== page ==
Content writing is a unique, creative art form which requires the best of both artistic and scientific blends. While there is no “perfect” content out there, since content in itself is an intangible component; there are various parameters that are used to differentiate between a great content from the rest.
Every writer has their own style of writing and I personally believe, that writers need to stick to their own style and approach. That is what essentially makes one write up different from that of the other. Uniqueness is a key parameter that defines the saleability of a freshly baked content.
However, there are a few general guidelines that each writer can follow to effectively take up the art of digital content writing.
As you might have guessed, a writer can be a best selling author or novelist, but that might not mean that he may also be as effective in writing contents for content marketing purposes.
Here is a comprehensive Content Writing guide that our writers here at Saffron Edge use, to take inspiration from and create successful contents time after time.
1) Introduction or ‘Hook’
The contents that work successfully in the digital domain need to be precise and to the point. Unlike the other forms of writing where we have a margin to write expanded (allegorical/personified) introductions before diving to the point to help in build-ups, we do not have that room in our contents that work for online blogs and guest posts. (Mainly because, the attention span of the users is 5-8 seconds).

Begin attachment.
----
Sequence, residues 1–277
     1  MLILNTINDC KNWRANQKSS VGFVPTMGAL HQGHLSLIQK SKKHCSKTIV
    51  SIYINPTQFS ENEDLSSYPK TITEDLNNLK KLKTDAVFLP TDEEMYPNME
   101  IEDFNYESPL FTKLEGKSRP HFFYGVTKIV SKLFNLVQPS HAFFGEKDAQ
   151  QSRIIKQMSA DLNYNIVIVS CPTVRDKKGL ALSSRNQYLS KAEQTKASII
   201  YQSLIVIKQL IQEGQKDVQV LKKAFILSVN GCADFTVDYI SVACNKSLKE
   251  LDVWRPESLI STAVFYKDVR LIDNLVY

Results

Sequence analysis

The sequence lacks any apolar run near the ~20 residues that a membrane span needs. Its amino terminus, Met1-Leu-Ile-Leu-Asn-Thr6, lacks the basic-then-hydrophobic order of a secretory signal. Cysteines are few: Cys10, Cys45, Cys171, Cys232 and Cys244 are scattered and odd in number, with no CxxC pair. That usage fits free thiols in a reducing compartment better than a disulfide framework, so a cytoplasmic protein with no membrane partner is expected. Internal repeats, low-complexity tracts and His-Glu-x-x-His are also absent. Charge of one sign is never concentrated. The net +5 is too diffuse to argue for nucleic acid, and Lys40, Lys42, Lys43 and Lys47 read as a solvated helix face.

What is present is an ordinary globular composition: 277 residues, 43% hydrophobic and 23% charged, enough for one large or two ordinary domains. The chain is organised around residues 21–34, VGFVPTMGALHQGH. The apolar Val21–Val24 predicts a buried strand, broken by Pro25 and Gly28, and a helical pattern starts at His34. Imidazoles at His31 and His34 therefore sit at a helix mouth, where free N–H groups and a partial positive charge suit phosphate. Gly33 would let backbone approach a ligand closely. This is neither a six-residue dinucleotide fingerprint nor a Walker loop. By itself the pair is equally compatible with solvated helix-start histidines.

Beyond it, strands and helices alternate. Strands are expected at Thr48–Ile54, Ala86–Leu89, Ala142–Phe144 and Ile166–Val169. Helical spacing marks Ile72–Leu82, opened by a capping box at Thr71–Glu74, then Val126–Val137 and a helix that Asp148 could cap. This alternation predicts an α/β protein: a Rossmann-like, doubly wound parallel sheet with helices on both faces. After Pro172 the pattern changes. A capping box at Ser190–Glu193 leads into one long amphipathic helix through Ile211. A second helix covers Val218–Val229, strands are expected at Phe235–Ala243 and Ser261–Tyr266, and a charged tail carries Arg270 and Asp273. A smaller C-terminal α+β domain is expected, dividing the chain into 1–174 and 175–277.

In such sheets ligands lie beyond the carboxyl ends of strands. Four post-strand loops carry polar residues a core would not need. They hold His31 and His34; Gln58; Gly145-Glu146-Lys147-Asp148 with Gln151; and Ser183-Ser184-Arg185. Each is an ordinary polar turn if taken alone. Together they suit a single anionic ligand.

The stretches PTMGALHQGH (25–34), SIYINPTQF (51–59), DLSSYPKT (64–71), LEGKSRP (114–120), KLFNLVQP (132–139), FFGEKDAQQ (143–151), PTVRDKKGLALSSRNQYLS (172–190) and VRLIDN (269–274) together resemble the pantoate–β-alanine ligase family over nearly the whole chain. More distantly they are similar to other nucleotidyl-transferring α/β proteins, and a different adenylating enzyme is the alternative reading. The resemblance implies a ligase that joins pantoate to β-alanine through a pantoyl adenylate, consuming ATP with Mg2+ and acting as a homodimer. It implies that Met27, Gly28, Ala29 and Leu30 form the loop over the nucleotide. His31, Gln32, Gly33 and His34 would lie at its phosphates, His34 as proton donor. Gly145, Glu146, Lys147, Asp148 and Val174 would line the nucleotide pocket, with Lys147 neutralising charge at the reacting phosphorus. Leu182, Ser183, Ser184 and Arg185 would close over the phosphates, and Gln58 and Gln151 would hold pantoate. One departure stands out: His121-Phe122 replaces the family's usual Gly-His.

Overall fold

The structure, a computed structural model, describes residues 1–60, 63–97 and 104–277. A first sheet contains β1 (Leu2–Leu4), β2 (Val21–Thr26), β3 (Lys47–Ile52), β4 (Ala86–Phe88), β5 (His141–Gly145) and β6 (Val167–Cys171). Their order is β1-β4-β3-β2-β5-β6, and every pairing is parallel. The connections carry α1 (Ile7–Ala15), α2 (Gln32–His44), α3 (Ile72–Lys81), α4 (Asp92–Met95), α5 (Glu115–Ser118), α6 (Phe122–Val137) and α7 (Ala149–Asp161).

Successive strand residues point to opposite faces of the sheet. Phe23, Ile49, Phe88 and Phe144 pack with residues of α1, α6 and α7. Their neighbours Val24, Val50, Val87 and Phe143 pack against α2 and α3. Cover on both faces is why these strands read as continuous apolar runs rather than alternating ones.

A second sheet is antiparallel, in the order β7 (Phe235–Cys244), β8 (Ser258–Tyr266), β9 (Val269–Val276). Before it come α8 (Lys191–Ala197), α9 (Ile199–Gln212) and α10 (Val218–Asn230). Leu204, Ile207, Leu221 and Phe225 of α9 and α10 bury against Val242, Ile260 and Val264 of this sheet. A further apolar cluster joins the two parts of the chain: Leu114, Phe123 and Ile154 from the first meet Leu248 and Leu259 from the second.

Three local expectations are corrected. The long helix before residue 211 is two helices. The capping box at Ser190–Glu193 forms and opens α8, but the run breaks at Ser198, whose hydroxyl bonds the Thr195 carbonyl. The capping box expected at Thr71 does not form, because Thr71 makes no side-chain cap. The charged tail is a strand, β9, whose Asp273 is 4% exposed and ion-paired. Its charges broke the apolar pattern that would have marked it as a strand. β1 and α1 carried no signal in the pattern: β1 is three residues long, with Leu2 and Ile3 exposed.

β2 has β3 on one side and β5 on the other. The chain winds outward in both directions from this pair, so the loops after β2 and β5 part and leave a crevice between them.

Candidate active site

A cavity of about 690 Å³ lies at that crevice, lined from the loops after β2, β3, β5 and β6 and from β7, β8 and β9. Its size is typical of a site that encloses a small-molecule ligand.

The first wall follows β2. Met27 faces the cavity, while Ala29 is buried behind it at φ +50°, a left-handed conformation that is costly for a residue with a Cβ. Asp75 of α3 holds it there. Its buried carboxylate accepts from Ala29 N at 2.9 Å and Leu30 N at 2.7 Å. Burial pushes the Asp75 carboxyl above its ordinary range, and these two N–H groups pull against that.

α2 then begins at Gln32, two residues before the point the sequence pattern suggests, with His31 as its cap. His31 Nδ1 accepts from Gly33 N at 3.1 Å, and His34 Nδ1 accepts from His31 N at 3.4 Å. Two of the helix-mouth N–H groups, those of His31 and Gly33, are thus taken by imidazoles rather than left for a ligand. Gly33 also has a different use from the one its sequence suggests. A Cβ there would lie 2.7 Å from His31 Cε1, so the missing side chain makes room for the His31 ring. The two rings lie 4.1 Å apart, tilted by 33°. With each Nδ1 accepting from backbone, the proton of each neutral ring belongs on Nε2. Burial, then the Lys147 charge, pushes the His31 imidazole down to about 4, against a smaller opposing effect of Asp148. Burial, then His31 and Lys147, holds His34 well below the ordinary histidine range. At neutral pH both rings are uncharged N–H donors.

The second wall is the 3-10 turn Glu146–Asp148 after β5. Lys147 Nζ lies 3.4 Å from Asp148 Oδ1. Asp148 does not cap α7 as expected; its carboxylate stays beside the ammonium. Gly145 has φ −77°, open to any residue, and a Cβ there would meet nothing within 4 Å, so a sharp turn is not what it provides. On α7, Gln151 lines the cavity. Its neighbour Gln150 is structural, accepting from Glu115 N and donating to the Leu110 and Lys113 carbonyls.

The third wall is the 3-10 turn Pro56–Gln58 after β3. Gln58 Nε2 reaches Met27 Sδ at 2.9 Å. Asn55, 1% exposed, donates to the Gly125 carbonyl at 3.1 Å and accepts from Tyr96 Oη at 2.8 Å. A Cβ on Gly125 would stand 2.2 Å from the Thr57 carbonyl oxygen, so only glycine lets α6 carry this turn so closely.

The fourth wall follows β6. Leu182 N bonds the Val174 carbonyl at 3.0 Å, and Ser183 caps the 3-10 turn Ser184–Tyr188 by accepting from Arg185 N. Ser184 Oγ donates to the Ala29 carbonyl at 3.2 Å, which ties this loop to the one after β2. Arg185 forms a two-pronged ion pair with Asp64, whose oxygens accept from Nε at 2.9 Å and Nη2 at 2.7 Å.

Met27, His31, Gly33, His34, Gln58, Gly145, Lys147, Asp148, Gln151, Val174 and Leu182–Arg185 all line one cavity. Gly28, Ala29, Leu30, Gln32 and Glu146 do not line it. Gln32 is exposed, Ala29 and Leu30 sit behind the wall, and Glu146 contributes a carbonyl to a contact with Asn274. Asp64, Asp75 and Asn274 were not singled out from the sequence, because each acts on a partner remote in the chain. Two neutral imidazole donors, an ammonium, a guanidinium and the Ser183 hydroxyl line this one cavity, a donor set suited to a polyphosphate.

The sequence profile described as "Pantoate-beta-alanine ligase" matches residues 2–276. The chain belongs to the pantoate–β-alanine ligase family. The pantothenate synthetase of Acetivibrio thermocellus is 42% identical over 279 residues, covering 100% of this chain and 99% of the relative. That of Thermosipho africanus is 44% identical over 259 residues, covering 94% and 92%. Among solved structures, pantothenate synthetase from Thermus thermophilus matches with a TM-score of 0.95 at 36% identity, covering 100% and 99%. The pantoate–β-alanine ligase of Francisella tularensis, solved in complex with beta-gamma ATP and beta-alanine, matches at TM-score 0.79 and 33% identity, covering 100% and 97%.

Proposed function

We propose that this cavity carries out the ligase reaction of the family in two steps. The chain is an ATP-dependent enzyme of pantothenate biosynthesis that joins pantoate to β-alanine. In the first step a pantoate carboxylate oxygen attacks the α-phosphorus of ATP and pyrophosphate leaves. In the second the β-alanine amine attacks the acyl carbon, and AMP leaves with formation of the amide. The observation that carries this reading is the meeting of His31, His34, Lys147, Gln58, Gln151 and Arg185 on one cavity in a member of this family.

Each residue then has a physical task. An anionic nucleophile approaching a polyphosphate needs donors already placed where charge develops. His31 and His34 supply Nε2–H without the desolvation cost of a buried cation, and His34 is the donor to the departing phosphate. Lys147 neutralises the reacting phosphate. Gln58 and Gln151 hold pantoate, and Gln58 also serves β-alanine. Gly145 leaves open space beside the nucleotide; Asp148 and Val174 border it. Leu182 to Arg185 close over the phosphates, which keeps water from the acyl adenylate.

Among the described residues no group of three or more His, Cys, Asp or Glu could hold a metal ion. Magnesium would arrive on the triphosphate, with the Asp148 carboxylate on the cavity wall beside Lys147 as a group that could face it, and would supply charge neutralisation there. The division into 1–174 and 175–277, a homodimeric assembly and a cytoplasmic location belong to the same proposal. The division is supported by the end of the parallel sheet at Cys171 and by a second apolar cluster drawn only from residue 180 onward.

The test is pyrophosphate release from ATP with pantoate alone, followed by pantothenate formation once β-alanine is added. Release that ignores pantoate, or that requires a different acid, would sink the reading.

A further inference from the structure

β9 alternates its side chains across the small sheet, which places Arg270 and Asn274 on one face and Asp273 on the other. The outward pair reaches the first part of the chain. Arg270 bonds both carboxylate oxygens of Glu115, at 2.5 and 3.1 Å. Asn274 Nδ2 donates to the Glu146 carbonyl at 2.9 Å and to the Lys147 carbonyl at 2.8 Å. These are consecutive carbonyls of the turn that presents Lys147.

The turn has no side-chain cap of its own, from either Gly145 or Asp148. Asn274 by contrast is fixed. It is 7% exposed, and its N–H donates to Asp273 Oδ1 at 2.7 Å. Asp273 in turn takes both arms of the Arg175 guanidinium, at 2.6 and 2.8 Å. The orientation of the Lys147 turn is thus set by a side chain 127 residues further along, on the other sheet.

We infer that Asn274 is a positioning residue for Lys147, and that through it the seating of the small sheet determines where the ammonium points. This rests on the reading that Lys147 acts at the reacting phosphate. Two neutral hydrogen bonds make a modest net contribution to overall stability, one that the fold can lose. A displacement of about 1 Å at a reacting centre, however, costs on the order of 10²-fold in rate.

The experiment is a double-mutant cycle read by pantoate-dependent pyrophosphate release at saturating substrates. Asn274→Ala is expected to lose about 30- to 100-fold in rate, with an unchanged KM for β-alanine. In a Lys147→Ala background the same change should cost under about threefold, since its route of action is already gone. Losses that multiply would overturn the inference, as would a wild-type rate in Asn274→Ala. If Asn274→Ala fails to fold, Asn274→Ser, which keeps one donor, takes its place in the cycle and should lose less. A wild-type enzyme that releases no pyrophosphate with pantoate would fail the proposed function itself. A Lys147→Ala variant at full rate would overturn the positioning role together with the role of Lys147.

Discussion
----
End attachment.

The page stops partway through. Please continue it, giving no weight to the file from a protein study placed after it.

Therefore, The introduction needs to start up with a quick and effective ‘Hook’ that generates audience’s curiosity.The main focus of the topic should quickly be addressed within 1 or 2 paragraphs max.
How I do it: I divide the Introduction into roughly 100-250 words (at max) wherein I try to encapsulate the topic synopsis and write a trailing sentence that leads the user further down into the post.
2) Main Content or ‘Meat’
This is what makes or breaks the content. The industry-accepted structure of a good blog post has the main content points broken into ‘subheadings’ instead of playing out like a newspaper article. Subheadings help in providing appropriate pauses between consecutive points and also gives the audience the time to think about what each sub-heading (or sub-point is talking about).
These subheadings need to be precise and catchy at the same time. Humor or pop references are welcome as long as they are aligned with the niche of the write up and their target audience.
How I do It: When I attempt subheadings and pointers, my first approach is to try and relate each point to a real-life experience or example that is general enough for people to relate to. This helps in 2 folds:
i) Helps associate the user to the content